|Name||SEB Investment Management|
|Signatory type||Asset manager|
|Region of operation||Stockholm, Sweden, Europe|
|COVERED IN THIS CASE STUDY|
|Name of fund||We intend to implement the taxonomy in our systematic investment process. Our case study was based on a global equity fund with current assets under management of USD 985 million and a taxonomy alignment of 9.1%|
|Asset class||Quantitative equities|
As one of the leading Nordic asset managers, SEB Investment Management believes the taxonomy has significant potential to provide a definition of environmental sustainability within finance that can help investors to identify sustainable economic activities. Once implemented, the taxonomy regulation will set new legal obligations for asset managers to disclose their environmental impact.
We believe the EU taxonomy can offer guidance on how to improve the environmental performance of our funds. As the taxonomy aims to steer capital towards sustainable activities, it can also be used to provide our investors with future returns.
The potential to measure all listed equities efficiently was a key factor in this project. Therefore, we developed the SEB EU taxonomy model to quantitatively measure potential taxonomy alignment. When we use the term “taxonomy-aligned” in this case study, we are referring to potential alignment as calculated by our model. The benefits of building an internal model included transparency and traceability.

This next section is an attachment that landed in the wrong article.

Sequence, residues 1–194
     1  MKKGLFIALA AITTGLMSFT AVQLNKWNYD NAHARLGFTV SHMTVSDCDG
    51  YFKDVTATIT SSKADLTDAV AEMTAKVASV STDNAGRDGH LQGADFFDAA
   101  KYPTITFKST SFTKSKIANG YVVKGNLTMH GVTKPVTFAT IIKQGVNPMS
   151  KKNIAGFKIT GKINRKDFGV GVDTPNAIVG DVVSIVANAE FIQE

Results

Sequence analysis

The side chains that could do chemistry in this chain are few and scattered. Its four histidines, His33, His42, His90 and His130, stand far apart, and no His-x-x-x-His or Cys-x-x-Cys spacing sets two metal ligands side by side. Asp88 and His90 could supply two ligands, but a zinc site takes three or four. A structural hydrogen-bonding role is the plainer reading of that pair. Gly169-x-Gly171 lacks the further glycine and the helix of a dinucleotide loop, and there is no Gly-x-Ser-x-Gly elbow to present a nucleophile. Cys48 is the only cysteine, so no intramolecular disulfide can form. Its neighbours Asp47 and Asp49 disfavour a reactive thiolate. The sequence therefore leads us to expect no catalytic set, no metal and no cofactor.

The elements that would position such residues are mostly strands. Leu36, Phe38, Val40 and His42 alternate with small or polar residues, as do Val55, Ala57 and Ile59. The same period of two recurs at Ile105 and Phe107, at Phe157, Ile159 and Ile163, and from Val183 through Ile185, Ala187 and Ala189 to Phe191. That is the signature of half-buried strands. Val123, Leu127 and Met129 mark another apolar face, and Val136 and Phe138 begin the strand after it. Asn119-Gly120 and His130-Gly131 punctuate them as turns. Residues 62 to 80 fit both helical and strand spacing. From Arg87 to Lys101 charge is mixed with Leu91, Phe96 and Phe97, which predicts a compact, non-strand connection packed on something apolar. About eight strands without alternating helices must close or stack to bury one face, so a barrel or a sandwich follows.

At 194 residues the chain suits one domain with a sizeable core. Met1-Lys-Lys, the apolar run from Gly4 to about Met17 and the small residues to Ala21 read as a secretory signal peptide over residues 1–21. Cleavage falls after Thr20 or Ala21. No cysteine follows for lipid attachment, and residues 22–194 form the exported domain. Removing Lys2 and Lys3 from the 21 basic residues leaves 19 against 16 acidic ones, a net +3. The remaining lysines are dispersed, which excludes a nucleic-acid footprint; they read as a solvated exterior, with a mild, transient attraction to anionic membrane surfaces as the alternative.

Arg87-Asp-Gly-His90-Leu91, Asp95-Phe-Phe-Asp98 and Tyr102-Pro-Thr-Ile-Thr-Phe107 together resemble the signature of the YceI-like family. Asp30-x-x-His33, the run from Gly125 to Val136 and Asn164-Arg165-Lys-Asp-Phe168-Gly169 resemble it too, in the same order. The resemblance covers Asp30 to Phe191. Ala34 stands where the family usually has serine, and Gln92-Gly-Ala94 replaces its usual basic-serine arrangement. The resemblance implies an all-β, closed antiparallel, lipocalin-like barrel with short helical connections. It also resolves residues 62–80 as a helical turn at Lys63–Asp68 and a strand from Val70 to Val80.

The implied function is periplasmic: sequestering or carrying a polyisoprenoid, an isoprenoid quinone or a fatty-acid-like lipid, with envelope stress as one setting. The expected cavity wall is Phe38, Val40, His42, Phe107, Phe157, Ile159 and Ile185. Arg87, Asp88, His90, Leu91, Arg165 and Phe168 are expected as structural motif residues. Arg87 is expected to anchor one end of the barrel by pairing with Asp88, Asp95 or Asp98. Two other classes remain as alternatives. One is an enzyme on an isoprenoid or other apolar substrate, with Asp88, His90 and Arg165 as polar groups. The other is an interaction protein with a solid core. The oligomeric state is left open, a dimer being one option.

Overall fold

Principles, criteria, thresholds
We implemented a two-step analysis to:
- identify economic activities included within the EU taxonomy, and
- assess the technical screening criteria relevant to each individual activity.
Currently, scalable and comprehensive data for evaluating the taxonomy technical screening criteria is limited. Therefore, our model measured alignment with existing sustainability data and approximated the technical screening criteria where necessary. We were stringent in our approach to the approximation of taxonomy criteria. We adhered to current EU legislation and Technical Expert Group (TEG) rationales and ensured the model was dynamic in order to assimilate taxonomy updates.
Do no significant harm assessment
We are developing a process to measure do no significant harm (DNSH) and minimum safeguards criteria, but it is not yet part of the current model version.
Social safeguards assessment
The SEB EU taxonomy model measures turnover (revenue) aligned with the EU taxonomy. The model works alongside our systematic investment process to evaluate how we can increase revenues that are aligned and how the characteristics of a portfolio subsequently change.
We have successfully used our model to evaluate the current alignment of SEB Investment Management’s Quantitative Equities sustainable funds, alongside a peer group of sustainable mutual equity funds. We determined that our funds revealed varying degrees of alignment and that the average was close to that of the peer group. taxonomy alignment was lower than expected for the peer group (6.8% compared to 6.6% for a global equity index), reflecting the fact that the implementation of the regulation will force sustainable funds to reallocate capital to report an alignment that diverges significantly from current benchmarks. We based these figures on the June 2019 TEG report.